Health Ministry reassures public about Jamaica’s COVID-19 readiness

March 03, 2020
A worker wears a mask at the Life Care Center in Kirkland, Washington, near Seattle, yesterday. Several of the people who have died in the state from the COVID-19 coronavirus were tied to the long-term care facility, where dozens of residents were sick.
A worker wears a mask at the Life Care Center in Kirkland, Washington, near Seattle, yesterday. Several of the people who have died in the state from the COVID-19 coronavirus were tied to the long-term care facility, where dozens of residents were sick.

Minister of Health and Wellness Dr Christopher Tufton is reassuring the public that the ministry is enhancing Jamaica's readiness for "the very real possibility of the coronavirus (COVID-19) coming to our shores".

Tufton noted yesterday that the virus has spread to more than 60 countries, fuelling widespread anxiety.

He also noted that among those countries impacted are three from within the Caribbean, the Dominican Republic, St Barts and St Maarten.

So far, Jamaica has had no cases, "However, we can accept, given the rate of spread, which has seen more than 30 new countries impacted in the last week alone, that Jamaica is not immune to COVID-19".

"We can also accept that it is not beyond our capacity to respond and to do so effectively, in the public health interest. Such has been our history in the face of other global disease outbreaks, including H1N1, SARS and Ebola," he said.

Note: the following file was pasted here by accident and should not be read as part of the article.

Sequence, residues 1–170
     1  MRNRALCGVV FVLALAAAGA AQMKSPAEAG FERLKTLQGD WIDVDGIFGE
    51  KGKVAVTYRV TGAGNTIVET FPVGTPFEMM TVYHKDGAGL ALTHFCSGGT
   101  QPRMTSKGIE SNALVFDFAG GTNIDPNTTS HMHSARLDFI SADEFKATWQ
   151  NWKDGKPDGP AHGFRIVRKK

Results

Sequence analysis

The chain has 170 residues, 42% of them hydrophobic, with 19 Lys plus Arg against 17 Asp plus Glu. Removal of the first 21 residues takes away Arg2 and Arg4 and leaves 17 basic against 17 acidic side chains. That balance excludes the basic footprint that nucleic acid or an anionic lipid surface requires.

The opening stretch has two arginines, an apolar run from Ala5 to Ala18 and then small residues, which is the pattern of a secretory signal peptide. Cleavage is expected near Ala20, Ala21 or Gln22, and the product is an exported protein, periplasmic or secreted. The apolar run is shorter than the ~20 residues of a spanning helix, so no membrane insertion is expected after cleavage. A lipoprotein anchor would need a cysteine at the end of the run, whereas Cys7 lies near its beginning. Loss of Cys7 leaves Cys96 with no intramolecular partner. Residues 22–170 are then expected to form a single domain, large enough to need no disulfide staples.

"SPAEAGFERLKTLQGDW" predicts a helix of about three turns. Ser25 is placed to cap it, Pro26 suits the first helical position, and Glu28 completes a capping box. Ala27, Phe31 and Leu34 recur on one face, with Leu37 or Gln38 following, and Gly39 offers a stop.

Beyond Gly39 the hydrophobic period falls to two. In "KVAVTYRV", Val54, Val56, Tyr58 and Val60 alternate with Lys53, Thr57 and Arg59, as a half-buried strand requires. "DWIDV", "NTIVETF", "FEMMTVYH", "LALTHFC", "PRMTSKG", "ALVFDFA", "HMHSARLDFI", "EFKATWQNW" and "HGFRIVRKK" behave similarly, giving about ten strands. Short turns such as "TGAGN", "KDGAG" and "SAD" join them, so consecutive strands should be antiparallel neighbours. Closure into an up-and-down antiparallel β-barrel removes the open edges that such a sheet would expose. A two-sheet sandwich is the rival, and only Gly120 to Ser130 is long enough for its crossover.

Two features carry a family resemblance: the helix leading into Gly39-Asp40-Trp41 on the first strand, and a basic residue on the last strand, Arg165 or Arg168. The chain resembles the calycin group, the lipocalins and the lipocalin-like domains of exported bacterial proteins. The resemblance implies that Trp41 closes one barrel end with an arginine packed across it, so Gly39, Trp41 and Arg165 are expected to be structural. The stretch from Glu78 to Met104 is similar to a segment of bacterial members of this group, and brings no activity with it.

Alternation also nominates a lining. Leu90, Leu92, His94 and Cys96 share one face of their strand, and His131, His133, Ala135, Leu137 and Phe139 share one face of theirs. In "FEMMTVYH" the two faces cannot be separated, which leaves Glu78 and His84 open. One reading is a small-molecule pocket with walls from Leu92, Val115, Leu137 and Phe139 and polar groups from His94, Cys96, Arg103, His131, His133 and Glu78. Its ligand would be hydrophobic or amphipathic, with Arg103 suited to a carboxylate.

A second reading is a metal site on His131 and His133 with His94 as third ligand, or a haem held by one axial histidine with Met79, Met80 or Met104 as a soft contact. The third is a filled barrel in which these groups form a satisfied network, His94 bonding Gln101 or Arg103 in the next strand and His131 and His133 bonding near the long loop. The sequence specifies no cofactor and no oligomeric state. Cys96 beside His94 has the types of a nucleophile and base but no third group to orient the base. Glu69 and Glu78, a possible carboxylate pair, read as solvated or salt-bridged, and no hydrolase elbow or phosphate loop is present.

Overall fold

Tufton noted that the ministry has put in measures to minimise exposure, including the designation of four quarantine facilities, imposing a travel ban on various nations, and patrolling unofficial border crossings.

Test for the virus

Tufton said that the ministry has developed the local capacity to test for the virus, thanks to training provided by the Pan-American Health Organisation, assessed the readiness of health facilities to meet the anticipated increase in demand on services, and trained and continue to train healthcare providers.

"We have enough personal protective equipment in the island for our health facilities. We also have adequate stores of respiratory medicine for the next three months," he said.

"Still, the success of our efforts depends on the extent to which stakeholders from the private and public sectors and indeed every individual who calls Jamaica home understand that they each have a role to play to preserve public health. We must, therefore, work together to maintain a high level of vigilance in our surveillance and response measures."

Among the recommendations Tufton outlined are: maintaining a distance of at least two metres from persons who are coughing or sneezing; frequently perform hand hygiene by washing hands thoroughly with soap and water or using a hand sanitiser if hands are not visibly soiled; covering mouths and noses with a tissue when coughing or sneezing, and then discarding it; and avoid touching our faces unnecessarily.

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